There’s a direct parallel between yesterday’s story of Erykah Badu saying schoolgirls’ uniforms should be knee-length to keep them safe and this club trying to work around its chauvinistic, exclusive male-bonding legacy by claiming it’s actually helping the problem of sexual misconduct. Is the logical conclusion of this way of thinking that women should pre-emptively remove themselves from any male-dominated environment in order to protect their safety? Or as one Twitter user suggested, is there a whiff of nostalgia for when women weren’t even on campus at all?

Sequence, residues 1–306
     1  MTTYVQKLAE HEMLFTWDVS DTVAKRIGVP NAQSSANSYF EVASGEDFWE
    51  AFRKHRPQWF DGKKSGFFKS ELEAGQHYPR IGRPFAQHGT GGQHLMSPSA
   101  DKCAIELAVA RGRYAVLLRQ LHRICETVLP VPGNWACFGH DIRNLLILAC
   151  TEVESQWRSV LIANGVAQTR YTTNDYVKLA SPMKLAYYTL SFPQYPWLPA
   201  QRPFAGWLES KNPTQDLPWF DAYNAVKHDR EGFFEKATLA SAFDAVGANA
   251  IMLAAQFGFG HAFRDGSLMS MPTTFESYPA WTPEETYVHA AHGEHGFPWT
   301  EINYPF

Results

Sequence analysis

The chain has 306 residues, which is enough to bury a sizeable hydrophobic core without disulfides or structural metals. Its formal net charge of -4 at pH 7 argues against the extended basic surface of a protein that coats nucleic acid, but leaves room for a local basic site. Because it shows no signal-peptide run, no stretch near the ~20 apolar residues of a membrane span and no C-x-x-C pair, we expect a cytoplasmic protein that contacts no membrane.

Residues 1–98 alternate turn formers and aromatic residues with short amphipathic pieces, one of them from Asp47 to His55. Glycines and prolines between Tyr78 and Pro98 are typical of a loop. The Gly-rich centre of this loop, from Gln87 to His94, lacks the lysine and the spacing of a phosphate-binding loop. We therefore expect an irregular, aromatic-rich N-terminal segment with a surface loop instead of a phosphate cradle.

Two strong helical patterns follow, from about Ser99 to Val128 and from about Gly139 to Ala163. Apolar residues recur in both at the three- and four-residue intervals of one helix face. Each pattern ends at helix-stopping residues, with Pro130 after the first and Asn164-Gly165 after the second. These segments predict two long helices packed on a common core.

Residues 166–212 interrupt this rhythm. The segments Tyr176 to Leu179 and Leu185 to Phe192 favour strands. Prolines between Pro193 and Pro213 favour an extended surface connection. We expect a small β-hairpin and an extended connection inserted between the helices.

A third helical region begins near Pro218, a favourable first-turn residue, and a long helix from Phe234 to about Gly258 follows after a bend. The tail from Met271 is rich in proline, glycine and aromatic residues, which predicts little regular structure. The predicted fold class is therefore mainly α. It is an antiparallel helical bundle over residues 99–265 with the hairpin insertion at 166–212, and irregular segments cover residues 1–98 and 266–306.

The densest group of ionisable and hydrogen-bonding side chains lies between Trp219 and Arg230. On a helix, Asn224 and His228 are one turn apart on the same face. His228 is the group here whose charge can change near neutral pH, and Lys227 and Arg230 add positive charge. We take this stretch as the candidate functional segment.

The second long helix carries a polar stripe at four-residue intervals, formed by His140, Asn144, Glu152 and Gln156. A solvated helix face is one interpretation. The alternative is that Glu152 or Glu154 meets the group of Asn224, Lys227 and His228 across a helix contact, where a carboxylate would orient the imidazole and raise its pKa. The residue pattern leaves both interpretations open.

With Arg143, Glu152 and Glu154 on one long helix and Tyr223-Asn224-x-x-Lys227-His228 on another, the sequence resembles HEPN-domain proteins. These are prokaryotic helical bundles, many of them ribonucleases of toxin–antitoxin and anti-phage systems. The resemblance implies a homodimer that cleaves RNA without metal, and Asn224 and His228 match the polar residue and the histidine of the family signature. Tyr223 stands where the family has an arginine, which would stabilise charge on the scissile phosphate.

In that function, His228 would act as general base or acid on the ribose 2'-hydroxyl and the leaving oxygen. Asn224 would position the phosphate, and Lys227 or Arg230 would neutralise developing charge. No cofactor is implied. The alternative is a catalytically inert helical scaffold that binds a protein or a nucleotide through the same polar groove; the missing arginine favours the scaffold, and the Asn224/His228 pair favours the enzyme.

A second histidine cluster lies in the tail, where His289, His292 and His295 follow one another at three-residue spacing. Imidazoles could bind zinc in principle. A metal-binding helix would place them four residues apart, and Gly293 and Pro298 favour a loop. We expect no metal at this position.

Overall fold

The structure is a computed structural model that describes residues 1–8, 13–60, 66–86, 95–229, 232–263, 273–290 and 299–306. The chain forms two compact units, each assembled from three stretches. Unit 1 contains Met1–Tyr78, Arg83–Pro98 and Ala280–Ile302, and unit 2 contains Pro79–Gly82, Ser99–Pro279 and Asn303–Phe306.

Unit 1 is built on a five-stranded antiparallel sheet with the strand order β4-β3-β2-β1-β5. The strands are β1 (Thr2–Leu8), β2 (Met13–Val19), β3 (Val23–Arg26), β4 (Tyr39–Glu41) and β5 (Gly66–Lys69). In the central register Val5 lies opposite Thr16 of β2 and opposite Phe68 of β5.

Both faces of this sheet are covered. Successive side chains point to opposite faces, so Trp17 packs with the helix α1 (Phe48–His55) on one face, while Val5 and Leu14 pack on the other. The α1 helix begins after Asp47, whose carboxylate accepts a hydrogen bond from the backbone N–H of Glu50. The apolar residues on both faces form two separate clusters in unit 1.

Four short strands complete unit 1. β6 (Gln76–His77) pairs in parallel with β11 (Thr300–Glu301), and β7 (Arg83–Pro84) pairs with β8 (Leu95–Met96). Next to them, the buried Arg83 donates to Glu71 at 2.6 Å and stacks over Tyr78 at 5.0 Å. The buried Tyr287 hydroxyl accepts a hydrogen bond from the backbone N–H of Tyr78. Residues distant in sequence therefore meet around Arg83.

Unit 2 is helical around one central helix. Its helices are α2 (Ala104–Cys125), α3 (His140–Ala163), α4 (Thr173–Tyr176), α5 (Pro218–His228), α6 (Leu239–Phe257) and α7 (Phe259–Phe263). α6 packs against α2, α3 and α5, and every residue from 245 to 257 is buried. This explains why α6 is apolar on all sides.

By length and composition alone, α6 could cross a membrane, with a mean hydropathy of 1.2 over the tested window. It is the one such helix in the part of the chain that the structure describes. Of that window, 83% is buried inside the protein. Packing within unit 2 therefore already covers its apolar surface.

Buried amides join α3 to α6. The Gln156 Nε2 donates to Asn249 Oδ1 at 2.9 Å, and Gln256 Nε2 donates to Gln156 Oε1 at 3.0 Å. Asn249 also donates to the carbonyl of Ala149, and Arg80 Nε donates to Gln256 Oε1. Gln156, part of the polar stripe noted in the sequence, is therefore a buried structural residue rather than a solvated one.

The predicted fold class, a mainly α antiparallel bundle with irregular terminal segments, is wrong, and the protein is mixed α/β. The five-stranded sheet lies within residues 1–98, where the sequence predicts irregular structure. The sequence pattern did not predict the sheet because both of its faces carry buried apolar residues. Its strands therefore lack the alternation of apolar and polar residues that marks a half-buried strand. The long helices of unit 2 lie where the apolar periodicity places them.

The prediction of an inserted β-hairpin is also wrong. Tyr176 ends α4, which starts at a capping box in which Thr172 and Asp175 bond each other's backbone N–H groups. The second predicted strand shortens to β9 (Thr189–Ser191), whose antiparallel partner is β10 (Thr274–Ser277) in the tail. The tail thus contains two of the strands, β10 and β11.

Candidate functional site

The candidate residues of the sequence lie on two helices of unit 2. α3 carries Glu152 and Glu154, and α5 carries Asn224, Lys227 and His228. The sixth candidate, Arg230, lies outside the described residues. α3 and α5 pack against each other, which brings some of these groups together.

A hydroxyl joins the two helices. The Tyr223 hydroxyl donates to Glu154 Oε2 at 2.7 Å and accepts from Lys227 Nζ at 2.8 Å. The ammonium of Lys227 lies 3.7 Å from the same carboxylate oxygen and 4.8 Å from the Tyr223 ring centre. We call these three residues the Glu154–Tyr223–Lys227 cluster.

The damning Harvard report’s conclusions point to the fact that the very nature of these all-male clubs, and the corresponding attitudes about women that seem to go with them, are part of the larger problem of sexual misconduct on campus. It concluded, “We also heard reports of deeply misogynistic attitudes, reflected by the long-standing refusal of many Clubs to admit women as members; parties at which the only non-members in attendance were women selected mainly by virtue of their physical appearance; party themes depicting women as sexual objects; competition among members for sexual conquests. In our view, the very structure of the Clubs — men in positions of power engaging with women on unequal and too often on very sexual terms — speaks tellingly to the work ahead of us if we are to create an environment where all students, of all genders, can thrive.”